Menu
Search
Menu
Close

We make mistakes so you don’t have to.

Get unlimited access to ALL our foolproof recipes, unbiased equipment reviews and ingredient ratings. Guaranteed to work for you.

Try CooksIllustrated.com Free for 14 Days

Email is required
How we use your email address

Expeller-Pressed Oil

By Cook's Illustrated Published September 2009

How does expeller-pressed canola oil differ from regular canola oil, and is it worth the added expense?

To understand expeller pressing, it helps to first understand the standard extraction process for canola oil. Manufacturers typically use a chemical called hexane to extract oil from a hybrid version of rapeseed, then remove the chemical with further processing, refine the oil, and bleach it to lighten its color and reduce odors. Expeller pressing, on the other hand, involves a mechanical screw-type press that uses friction and pressure to squeeze the oil out of the seeds. While it isn’t as efficient as standard extraction (hence its higher price), the oil undergoes fewer chemical changes. The result, some manufacturers claim, is more natural flavor and less damage to the oil’s nutrients.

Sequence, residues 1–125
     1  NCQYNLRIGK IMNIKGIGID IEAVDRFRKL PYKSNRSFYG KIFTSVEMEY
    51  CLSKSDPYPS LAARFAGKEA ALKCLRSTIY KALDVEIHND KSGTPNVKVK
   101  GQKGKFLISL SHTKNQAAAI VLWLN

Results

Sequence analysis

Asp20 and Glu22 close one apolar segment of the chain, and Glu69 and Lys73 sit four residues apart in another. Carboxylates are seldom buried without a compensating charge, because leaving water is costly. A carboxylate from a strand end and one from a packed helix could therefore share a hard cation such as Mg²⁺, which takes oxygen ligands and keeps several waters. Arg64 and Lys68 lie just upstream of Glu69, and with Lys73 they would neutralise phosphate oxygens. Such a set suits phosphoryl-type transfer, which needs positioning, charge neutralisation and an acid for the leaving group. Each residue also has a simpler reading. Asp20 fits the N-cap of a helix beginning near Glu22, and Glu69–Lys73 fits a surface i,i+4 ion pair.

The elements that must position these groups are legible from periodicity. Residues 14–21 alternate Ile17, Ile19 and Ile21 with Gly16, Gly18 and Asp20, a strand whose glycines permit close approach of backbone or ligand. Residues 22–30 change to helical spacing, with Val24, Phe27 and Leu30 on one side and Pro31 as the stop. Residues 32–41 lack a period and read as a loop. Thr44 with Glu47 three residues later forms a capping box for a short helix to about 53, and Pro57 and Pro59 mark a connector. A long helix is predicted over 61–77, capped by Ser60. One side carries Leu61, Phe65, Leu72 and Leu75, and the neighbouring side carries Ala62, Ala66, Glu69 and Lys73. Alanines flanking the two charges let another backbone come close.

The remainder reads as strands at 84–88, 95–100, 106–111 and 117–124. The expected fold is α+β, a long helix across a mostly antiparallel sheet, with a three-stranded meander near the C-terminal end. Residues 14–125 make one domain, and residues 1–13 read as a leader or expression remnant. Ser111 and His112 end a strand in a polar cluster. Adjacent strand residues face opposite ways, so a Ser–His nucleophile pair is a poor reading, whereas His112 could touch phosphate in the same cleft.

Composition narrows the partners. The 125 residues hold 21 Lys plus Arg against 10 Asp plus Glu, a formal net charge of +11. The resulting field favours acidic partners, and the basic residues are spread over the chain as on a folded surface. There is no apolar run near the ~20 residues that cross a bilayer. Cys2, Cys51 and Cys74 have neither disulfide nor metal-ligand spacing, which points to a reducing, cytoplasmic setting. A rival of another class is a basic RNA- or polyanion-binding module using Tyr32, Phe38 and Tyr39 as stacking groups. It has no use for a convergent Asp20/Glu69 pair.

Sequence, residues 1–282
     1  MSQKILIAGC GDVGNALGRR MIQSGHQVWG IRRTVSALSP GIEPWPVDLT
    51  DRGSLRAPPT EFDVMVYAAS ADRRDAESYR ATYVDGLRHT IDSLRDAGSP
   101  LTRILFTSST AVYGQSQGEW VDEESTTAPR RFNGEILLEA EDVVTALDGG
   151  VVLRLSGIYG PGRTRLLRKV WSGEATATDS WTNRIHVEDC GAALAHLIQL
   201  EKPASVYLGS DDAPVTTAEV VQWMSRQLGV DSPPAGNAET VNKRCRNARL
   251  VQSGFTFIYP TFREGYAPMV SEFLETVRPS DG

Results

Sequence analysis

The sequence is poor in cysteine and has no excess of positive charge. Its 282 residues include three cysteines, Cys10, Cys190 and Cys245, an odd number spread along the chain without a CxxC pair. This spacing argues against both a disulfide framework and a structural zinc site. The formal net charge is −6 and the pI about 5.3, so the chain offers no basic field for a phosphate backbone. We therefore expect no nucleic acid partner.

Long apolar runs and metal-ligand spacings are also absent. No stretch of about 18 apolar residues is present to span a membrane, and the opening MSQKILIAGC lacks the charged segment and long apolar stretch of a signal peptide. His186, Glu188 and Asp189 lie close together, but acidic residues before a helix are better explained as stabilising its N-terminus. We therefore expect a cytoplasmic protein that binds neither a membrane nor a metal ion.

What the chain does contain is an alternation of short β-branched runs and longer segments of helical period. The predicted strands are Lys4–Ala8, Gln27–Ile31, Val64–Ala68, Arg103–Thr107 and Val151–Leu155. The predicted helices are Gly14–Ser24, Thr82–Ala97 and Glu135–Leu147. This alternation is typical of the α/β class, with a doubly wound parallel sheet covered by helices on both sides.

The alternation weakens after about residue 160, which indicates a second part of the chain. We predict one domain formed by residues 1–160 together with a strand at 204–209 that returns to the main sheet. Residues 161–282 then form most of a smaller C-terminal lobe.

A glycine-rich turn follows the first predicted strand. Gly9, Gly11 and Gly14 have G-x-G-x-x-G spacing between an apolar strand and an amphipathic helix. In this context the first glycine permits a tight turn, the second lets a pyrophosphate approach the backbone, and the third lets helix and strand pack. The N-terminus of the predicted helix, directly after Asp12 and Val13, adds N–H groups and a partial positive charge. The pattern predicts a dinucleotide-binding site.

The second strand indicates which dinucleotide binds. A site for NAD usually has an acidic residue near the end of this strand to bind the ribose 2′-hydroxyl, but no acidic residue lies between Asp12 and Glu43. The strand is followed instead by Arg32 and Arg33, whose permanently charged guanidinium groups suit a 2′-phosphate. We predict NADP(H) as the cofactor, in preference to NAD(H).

To see if we could tell these types of oil apart, we bought a bottle of Spectrum’s organic expeller-pressed canola oil ($9.99 for 32 ounces) and Wesson canola oil ($3.50 for the same quantity) and used the oils to make stir-fried beef and simple lemon vinaigrette. Both oils produced equally well-browned crusts in the beef with no difference in taste. The expeller-pressed vinaigrette was cloudier than the vinaigrette made with regular canola oil, but again, tasters found they had exactly the same flavor.

Our advice: If you are buying for taste alone, it’s not worth spending more for expeller-pressed canola. But if you want to avoid chemical processing, expeller-pressed oil is worth the extra cost.

HIGHER PRICE, LESS PROCESSING